Political controversy in India over nuclear deal with the U.S.

A Divisive Deal


India Today, August 27, 2007 


Rather than chase a misbegotten nuclear deal with the United States now, a rising India could easily get a better bargain if it were patient


GUEST COLUMN: Brahma Chellaney


Behind the political storm triggered by the civil nuclear deal with the US lies deep-seated national concern over its long-term implications for India’s security and strategic autonomy. The deal has divided India like no other strategic issue since independence. After all, the deal is not just about importing nuclear reactors for electricity. It will determine what kind of India emerges in the years to come — a major independent power with the requisite economic and military strength, or a middling power trimming its sails to the prevailing American winds and still relying on imports to meet basic defence needs.


            India stands out as the only large country still deeply dependent on arms imports, to the extent that it has emerged as the world’s largest weapons importer. The nuclear deterrent is the only strategic programme it has pursued somewhat successfully. While its nuclear posture calls for a “credible minimal deterrent”, the country still hasn’t developed a minimal, let alone credible, deterrent against its main challenge, China. Yet, New Delhi blithely put the nuclear programme on the negotiating table to reach a deal that implicitly imposes qualitative and quantitative restrictions on the Indian nuclear-weapons capability.


India has already paid a very heavy price internationally for its nuclear programme. And the deal seeks to exact a further price, in the name of freeing the country from some of the rigours of US export controls. America’s technology controls and sanctions approach were fashioned largely in response to India’s 1974 nuclear test. Today, the main target of that policy has come full circle doubly. First, India has agreed to become part and parcel of the US-led non-proliferation system just when that regime has begun to visibly corrode. India is to “unilaterally adhere” to cartels that still exclude it from their membership.


Second, in concluding a new accord under Section 123 of the US Atomic Energy Act, India has paid no heed to the lessons from an earlier “123 agreement”, signed in 1963. In the 1970s, America had cut off all fuel supply to the US-built Tarapur reactors by enacting a new domestic law that rewrote the terms of the 123 agreement. The new, iniquitous 123 agreement not only grants the US the right to suspend all supplies forthwith by merely issuing a termination notice, but also omits a standard clause now found in America’s 123 accords with other states — that neither party will “invoke the provisions of its internal law as justification for its failure to perform” the agreement. India, gaining the right to be merely consulted but granting America the right to take all final decisions, has put itself at the latter’s mercy.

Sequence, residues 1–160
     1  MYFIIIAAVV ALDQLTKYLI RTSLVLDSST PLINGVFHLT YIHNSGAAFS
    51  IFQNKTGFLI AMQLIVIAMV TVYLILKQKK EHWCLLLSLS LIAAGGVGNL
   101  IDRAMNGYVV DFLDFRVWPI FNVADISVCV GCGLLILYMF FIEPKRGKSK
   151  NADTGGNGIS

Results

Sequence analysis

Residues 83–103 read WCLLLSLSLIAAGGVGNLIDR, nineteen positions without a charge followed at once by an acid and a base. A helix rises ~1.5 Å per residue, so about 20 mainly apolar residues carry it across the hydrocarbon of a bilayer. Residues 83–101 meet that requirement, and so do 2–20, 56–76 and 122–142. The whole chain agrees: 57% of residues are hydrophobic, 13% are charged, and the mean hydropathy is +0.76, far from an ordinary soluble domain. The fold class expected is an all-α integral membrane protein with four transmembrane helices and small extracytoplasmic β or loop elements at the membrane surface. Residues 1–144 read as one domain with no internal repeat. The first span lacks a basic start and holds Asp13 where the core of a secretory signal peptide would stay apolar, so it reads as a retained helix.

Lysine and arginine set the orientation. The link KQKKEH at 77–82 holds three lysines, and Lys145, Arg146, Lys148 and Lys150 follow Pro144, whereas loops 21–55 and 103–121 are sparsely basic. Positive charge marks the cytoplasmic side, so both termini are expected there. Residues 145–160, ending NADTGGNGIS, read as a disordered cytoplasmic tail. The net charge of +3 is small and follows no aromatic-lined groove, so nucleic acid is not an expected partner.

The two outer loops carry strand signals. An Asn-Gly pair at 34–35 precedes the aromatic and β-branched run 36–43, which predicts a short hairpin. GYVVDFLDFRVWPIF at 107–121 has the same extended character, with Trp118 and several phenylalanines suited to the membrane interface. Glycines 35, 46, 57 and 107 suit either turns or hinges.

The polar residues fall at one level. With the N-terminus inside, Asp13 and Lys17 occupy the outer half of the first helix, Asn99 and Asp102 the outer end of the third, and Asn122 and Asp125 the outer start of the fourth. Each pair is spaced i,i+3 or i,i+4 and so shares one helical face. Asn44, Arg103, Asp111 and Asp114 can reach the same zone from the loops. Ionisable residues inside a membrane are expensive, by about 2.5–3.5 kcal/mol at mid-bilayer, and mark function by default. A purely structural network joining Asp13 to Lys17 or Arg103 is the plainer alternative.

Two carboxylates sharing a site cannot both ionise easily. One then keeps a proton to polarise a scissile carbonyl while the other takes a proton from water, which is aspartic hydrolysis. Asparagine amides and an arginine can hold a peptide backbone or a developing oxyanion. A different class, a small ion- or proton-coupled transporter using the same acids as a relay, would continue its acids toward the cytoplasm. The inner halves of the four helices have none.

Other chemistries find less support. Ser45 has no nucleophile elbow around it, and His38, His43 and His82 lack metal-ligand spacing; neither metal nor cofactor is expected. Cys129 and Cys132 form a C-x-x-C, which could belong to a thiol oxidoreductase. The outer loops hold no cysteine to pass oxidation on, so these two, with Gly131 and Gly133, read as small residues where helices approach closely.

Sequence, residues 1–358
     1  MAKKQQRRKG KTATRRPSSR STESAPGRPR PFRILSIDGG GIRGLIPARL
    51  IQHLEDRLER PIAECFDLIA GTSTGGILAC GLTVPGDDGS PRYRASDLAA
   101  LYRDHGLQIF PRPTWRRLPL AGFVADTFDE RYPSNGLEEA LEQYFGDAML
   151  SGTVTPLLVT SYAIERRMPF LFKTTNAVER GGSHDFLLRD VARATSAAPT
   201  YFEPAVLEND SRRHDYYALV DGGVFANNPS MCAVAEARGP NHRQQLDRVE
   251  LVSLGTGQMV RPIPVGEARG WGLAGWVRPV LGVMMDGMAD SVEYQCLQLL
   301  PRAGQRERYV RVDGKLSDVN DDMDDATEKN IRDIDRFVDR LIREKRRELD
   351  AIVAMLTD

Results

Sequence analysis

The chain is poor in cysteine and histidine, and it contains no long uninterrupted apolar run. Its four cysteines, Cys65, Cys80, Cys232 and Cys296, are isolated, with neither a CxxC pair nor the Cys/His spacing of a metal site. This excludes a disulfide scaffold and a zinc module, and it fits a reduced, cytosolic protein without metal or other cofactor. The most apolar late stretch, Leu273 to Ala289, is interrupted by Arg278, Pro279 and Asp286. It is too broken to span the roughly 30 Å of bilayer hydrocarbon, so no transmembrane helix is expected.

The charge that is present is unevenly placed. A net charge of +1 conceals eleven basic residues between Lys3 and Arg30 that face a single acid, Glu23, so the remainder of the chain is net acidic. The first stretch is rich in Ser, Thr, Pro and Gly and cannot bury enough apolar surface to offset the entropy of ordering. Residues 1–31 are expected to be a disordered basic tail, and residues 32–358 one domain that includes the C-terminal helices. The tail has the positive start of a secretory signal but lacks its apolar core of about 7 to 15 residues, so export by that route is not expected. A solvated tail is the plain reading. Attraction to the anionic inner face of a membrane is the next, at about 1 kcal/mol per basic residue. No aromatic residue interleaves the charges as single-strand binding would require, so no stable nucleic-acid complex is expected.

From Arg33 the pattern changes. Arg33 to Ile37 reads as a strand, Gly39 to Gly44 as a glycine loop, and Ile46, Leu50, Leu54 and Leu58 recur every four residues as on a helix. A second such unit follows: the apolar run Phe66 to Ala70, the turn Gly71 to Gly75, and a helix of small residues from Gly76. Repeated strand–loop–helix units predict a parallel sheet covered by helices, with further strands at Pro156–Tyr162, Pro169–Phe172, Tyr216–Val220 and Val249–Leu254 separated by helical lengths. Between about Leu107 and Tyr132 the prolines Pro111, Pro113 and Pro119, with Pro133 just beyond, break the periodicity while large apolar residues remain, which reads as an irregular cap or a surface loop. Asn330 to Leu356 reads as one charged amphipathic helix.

Let us look at the benefits the deal offers. India principally would be able to import power reactors and fuel — and in the process help revive the US nuclear-energy industry. India, however, would continue to face stringent US export controls on advanced and dual-use technologies critical to rapid economic growth. Even for its civil nuclear facilities, India will not be able to buy enrichment, reprocessing and heavy-water components, however minor.


            Now look at the price. First, India is set to replicate in the energy sector the very mistake it has pursued on armaments by sinking into an imports dependency. India is today willing to spend tens of billions of dollars to import overly-expensive reactors when it can more profitably invest that money to commercially develop its own energy sources. Second, such imports will be a path to energy insecurity, since the reactor and fuel business is the world’s most politically regulated commerce.


            Third, the deal’s strategic costs are exorbitant. Like its conventional weaponry, India’s embryonic nuclear-arms capability will remain subcontinental in range. To ensure that, India has been slapped with a nuclear test ban through a US law, with the 123 accord granting no reprieve. The US President is now required to annually certify to Congress that “India is in full compliance” with a long list of congressionally-imposed “commitments and obligations”. India, for its part, has agreed to shut down by 2010 its newly-refurbished Cirus reactor, which produces a third of its weapons-grade plutonium.


Nothing better shows the patron-client ties the deal anoints than one simple fact: While the US has an unfettered right to withdraw from all its obligations, India’s obligations are legally irrevocable and never-ending. Even if cooperation is arbitrarily terminated by the US, India will still be stuck with everlasting international inspections on its entire civil nuclear programme. Little surprise thus that the deal has attracted increasing notoriety in India.

            New Delhi needs to realize time is on its side. As a rising power, India could easily get a better deal, if it were patient and waited a few more years. Its interests, in any case, demand a deal not just restricted to what commercially appeals to America — power reactors and fuel — but facilitating an end to the full range of US-inspired technology sanctions.

The writer is a strategic affairs expert 

Copyright: India Today, 2007

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